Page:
Below is an annotated list of children's literature for the elementary classroom. The books are organized by the Six Elements of Social Justice Curriculum Design (Picower, 2007). It is based on work by pre-service teachers at Montclair State University. They have read and reviewed these books and provided insights into how they can be used in K-5 settings.

Monday, February 28, 2011

White Socks Only by Evelyn Coleman

Element 3: Social Injustice

Author: Evelyn Coleman

Illustrator: Tyrone Geter

Grade Level: Grades 2-4

Buy the book here!


Summary: The book, White Socks Only, is a story told from a grandmother to her granddaughter about when there were things she could not do or places she could not go to because of the color of her skin. As a younger child, the little girl went off to town to see if she could fry an egg on the sidewalk. On her way back home after successfully frying the egg, she stopped for a drink of water on the hot summer day. Reading a sign that said “Whites Only,” she proceeded to take off her leather shoes and drink with her white socks on. Interpreting that the sign pertained to the color of her socks and not skin, she was astonished when an older white man pushed her off and began to scold her. Seeing the injustice in the angry man, an elderly black man known as the “chicken man” came to her defense when he went up to water fountain, took off his socks, and proceeded to also drink from the fountain in front of the angry white man. The actions of the brave girl and the “chicken man” helped remove the “whites only” sign from the water fountain.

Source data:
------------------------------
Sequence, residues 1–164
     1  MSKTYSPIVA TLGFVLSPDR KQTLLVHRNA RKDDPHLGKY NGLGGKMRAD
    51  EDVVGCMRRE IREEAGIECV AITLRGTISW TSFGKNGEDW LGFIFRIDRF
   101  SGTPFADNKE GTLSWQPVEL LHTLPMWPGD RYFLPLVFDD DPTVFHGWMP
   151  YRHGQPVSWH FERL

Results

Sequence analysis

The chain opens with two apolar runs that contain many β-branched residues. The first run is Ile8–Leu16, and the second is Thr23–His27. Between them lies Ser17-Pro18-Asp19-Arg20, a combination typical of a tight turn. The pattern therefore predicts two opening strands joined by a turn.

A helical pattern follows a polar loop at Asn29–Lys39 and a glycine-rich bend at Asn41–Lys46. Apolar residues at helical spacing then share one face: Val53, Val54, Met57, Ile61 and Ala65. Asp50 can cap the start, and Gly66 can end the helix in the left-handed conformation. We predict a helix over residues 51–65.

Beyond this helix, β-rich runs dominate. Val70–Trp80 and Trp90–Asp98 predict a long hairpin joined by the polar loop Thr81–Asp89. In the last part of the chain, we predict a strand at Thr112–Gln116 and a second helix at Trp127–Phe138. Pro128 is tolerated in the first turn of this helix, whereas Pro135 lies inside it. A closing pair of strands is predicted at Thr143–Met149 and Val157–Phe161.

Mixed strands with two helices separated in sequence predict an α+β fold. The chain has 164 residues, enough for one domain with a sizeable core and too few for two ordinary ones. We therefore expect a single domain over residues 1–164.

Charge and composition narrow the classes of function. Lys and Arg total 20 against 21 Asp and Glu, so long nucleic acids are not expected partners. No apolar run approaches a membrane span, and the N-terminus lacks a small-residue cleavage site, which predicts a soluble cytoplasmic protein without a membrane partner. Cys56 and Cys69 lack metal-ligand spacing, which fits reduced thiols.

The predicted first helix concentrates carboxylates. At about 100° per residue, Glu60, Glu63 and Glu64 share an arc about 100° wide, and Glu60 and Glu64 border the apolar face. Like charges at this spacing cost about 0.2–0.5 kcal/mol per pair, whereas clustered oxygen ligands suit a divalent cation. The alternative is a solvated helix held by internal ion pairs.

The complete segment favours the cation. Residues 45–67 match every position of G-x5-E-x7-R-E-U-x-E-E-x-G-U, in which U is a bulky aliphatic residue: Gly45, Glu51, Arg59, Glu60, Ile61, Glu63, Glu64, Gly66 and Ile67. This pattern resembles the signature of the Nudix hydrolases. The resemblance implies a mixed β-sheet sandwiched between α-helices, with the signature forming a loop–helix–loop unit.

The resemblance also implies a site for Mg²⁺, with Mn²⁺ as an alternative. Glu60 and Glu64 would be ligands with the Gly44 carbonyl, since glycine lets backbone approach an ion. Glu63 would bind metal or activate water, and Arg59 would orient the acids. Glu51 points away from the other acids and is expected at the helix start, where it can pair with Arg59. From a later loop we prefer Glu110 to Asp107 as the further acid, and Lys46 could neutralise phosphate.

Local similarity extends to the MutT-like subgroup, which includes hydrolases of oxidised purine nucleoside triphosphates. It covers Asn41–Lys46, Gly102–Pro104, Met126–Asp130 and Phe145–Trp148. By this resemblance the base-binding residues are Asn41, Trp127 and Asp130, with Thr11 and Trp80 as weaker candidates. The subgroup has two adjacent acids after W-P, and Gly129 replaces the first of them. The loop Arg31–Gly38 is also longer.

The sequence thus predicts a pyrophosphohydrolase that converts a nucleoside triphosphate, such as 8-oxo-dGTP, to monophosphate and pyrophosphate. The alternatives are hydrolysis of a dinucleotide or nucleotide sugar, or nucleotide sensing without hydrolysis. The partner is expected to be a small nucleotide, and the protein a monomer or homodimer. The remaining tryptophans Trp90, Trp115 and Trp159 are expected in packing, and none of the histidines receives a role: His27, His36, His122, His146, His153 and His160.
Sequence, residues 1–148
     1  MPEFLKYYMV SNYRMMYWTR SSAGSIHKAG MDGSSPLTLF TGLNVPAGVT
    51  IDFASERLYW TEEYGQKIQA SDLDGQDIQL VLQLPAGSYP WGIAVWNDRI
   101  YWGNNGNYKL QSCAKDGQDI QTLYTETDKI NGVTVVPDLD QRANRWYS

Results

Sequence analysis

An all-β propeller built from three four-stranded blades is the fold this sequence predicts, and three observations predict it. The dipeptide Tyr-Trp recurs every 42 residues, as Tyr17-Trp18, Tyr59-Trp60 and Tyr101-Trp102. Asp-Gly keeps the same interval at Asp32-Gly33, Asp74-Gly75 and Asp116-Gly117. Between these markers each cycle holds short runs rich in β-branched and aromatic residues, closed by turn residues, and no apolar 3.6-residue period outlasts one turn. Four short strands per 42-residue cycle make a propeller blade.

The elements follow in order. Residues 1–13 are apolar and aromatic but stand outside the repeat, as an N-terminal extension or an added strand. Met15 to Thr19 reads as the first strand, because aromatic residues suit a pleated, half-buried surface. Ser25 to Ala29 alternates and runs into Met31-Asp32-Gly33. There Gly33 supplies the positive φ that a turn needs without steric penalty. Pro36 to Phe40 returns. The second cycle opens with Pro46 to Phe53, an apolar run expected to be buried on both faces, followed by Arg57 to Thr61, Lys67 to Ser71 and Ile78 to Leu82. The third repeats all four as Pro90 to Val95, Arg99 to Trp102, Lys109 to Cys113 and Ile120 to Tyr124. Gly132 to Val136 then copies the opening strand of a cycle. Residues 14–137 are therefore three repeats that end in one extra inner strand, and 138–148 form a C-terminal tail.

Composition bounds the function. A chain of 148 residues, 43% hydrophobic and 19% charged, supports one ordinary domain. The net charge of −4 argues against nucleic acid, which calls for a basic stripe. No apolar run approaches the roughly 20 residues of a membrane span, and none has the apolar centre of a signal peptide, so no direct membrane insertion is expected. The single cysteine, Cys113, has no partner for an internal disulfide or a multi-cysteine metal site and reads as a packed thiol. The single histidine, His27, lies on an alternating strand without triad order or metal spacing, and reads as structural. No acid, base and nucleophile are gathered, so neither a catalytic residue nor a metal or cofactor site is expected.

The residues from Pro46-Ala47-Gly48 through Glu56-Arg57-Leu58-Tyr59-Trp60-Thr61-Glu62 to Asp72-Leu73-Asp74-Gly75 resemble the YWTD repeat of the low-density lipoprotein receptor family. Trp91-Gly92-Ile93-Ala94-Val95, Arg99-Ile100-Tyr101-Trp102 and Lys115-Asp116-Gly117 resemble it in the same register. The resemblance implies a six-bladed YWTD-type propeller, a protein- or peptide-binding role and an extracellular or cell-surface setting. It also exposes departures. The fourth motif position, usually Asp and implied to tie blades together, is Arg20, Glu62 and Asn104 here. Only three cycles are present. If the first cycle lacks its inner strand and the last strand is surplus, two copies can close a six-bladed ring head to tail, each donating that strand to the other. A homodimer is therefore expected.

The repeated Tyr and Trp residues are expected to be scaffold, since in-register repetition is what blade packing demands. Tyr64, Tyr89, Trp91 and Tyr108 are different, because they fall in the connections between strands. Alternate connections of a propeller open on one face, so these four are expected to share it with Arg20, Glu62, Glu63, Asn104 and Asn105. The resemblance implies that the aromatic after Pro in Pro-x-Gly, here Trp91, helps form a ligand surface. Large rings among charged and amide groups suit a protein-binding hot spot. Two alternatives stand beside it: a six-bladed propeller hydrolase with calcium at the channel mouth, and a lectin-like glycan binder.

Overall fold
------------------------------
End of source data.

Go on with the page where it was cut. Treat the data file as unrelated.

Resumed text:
Element 3 Issues of Social Injustice: White Socks Only is a great way to open up and introduce the injustice of racism to a child. Our country has had a history of racism and this book is just a small taste of what life used to be like for people of color growing up in the south.

Activity: The activity I would have my class do after reading this story is to write down different ways to compliment others in the class on cardboard paper socks. It would be a great way to have the students compliment each other, build friendships and would be a fun art project to hang up in the classroom while promoting diversity.

No comments:

Post a Comment